* U.S stocks close to record high
* Euro climbs to near 14 month high, yen slides further
* Factory activity improves globally, U.S. employment
NEW YORK, Feb 1 Major world stockmarkets rose to
their highest levels in nearly two years on Friday helped by
manufacturing and employment data indicating the global economic
recovery is on track.
The euro rose to its highest level against the U.S. dollar
in since mid-November 2011 after data showed euro zone factories
had their best month in January in nearly a year. The yen fell
to a two and a half year low against the dollar and a 33-month
trough versus the euro, extending its recent weakness on bets
the Bank of Japan will ease monetary policy further.
The MSCI world equity index was up 0.7
percent, helped by surveys indicating Chinese factory output was
recovering while German industrial output posted its best month
in nearly a year, though the euro zone as a whole continued to
U.S. data showed employment grew modestly in January and
factory activity touched a nine-month high. Payrolls rose by
157,000 in January and revisions showed 127,000 more jobs
created in November and December than previously reported.
Separately, the Institute for Supply Management said its index
of national factory activity rose to 53.1 last month, the
highest level since April, from 50.2 in December.
Other data on Friday also suggested that the surprise
contraction in economic activity in the last three months of
2012 was largely a fluke, not a trend.
"There's a lot of money looking for a home and people are
finally deciding the bond market is done and moving money into
equities," said Edward Simmons, managing director and partner at
HighTower in Portland, Maine.
The Dow Jones industrial average was up 140.29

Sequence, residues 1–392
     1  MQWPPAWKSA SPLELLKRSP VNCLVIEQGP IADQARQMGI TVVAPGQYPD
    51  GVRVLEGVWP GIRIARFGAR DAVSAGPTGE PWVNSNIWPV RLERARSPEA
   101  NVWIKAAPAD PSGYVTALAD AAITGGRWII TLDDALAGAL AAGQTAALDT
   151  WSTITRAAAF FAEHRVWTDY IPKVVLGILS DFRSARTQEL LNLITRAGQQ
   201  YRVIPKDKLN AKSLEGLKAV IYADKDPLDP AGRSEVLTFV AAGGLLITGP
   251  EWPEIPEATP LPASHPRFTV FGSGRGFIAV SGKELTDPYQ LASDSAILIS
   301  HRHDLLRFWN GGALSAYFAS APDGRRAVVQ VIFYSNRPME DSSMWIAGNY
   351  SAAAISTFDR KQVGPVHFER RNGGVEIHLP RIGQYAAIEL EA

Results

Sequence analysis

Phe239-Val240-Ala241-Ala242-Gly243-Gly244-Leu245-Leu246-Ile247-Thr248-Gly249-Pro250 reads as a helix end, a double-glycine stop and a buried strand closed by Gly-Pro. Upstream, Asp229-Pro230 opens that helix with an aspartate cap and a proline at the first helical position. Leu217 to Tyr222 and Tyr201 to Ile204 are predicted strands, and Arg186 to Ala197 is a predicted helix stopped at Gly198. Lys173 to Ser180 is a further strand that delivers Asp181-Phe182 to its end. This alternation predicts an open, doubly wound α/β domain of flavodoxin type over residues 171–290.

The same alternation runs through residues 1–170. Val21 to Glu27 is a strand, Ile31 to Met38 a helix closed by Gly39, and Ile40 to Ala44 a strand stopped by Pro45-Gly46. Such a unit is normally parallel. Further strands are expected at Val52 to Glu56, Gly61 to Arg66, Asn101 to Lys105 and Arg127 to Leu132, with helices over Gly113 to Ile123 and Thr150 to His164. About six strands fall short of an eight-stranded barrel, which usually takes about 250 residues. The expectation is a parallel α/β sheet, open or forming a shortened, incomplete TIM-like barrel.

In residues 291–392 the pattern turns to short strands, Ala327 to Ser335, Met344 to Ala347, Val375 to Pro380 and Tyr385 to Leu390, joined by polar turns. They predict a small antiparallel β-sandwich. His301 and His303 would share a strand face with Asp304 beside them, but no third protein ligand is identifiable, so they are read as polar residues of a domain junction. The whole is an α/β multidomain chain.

points, or 1.01 percent, at 14,000.87. The Standard & Poor's 500
Index was up 15.01 points, or 1.00 percent, at 1,513.12.
The Nasdaq Composite Index was up 38.05 points, or 1.21
percent, at 3,180.19.
The gains are on the fastest start to the year for equities
in 16 years.
European shares inched up on Friday, as investors took
advantage of the past two sessions' losses to snap up equities
more cheaply, reassured by the run of solid data from China,
Europe and the United States.
The pan-European FTSEurofirst 300 closed 0.3
percent higher at 1,168.08 points, clawing back some of the
retreat suffered in the previous two sessions and edging towards
a 2-year peak of 1,178.55 set earlier in the week.
"Providing there are no further setbacks to the region's
debt crisis, these data add to the expectation that the euro
zone is on course to return to growth by mid-2013," said Chris
Williamson, chief economist at data compiler Markit.
The euro up 0.6 percent at $1.3664 with its session
high at $1.3711. The common currency also hit its highest point
against the yen since April 2010 , helped by the
factory activity data showing the worst of the euro zone's
downturn may be over.
"The latest data is a great mix for a broadening of the 'risk
on' trade," said Alan Ruskin, head of G10 FX strategy at
Deutsche Bank in New York.
The benchmark 10-year U.S. Treasury note was
down 3/32, with the yield at 1.996 percent. Prices for U.S.
Treasuries seesawed on Friday after the slight rise in the
unemployment rate was checked by a separate report showing U.S.
manufacturing growth picked up in January.
Gold was up 0.4 percent at $1,669.04 an ounce although it
pared gains in the wake of the U.S. payrolls data. Silver was up
1.4 percent at $31.86 an ounce and three-month copper on
the London Metal Exchange rose to $8,309.75 a tonne, its
highest since early October.
In the oil market the rising economic optimism coupled with
tension across the Middle East, the world's biggest oil
producing region, has put Brent crude on track to its
biggest weekly gain since mid November, while U.S. crude is set
to rise for an eighth straight week.
Brent oil was up 1 percent to $116.71, while U.S.
crude futures rose 6 cents to $97.56 a barrel.